Back in the Day: “Personal Best” Broke Bisexual Ground

In effect, Personal Best was among the first of a rising
tide of gay and lesbian films with relatively positive messages. For the first
time, gays and lesbians began to find love in the movies, and though they still
struggled with coming-out issues and homophobia, happy endings began to be seen.

Lianna was released in 1983,
and Desert Hearts in 1986,
marking a high point in independent lesbian filmmaking and setting the stage
for more diverse representations of lesbianism, as in Go
(1994) and The Incredibly True
Adventures of Two Girls in Love

But while lesbians began seeing
themselves in a more positive light on the big screen, representations of bisexuality
remained problematic and varied.

In Basic Instinct (1992),
Sharon Stone played a vicious, psychopathic and bisexual murderer — a
role that dismayed many in the lesbian and bisexual community. In Chasing
(1994), Joey Lauren Adams played a lesbian who fell for a man, then
returned to a lesbian relationship without ever acknowledging the idea of bisexuality.
In Bound (1996), Jennifer Tilly ‘s
character left her man for Gina Gershon, but while the movie was undeniably
positive in its representation of lesbian sexuality, it once again never mentioned
the concept of bisexuality.

More recent films have continued
to be uneven in their engagement with bisexuality. Though Frida
(2002) made the artist’s bisexuality a matter-of-fact part of the film, it focused
more on Kahlo’s heterosexual relationships.

Meanwhile, in the box-office bomb
Gigli (2003), Jennifer Lopez ‘s lesbian
character slept with a man (Ben Affleck), but again did not acknowledge the
possibility of bisexuality.

Despite the lack of consistent progress in representations of bisexual women in film, Hollywood has certainly changed since 1982 with regard to its representation of lesbians. Nowhere is this more apparent than in the career of Mariel Hemingway herself, who was only 19 when Personal Best was released.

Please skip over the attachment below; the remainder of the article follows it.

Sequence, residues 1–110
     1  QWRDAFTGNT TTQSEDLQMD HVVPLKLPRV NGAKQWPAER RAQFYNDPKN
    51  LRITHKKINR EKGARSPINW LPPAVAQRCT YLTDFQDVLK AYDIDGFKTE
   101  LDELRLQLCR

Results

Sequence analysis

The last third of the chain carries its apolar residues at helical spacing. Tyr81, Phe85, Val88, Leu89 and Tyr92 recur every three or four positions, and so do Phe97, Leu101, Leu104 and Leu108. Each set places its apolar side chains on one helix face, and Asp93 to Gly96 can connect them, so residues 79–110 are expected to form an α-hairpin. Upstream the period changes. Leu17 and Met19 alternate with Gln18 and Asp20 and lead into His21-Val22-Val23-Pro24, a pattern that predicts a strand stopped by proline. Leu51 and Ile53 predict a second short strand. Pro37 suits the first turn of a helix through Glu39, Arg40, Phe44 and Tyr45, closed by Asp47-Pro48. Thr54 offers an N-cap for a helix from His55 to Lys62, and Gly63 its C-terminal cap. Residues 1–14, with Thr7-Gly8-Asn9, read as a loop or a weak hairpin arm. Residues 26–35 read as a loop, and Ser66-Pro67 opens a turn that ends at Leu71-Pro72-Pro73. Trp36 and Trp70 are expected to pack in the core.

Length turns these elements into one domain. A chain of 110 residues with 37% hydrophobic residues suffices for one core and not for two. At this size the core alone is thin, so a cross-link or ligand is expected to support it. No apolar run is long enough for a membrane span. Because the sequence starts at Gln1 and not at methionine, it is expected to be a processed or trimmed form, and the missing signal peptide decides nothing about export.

Since then she
kissed Roseanne Barr on Roseanne in 1994, thus firmly cementing her
status as a lesbian icon, and she has recently signed on to play a lesbian secret
service agent in the upcoming movie Her Line of Fire for here! TV.
The film, which is slated to air in early 2006, is an action movie that follows
a U.S. president whose plane is shot down on a remote island populated by anti-American

Hemingway plays Secret Service Agent Lynn Delaney, who in the midst of the action falls for the president ‘s press secretary, Sharon Serano, played by out lesbian actress Jill Bennett.

When announcing the film, Meredith
Kadlec, vice president of here! TV ‘s original programming, noted, "A lesbian
action hero who kicks ass, saves the day and gets the girl is not only empowering,
but an image our audience is starved to see."

The fact that the secret service
agent is played by Mariel Hemingway, who has long been known for her work in
Personal Best, is both exciting for her longtime lesbian fans and supremely
satisfying — because this time, her character isn ‘t going to end up with
a man.

Read our review of Personal Best

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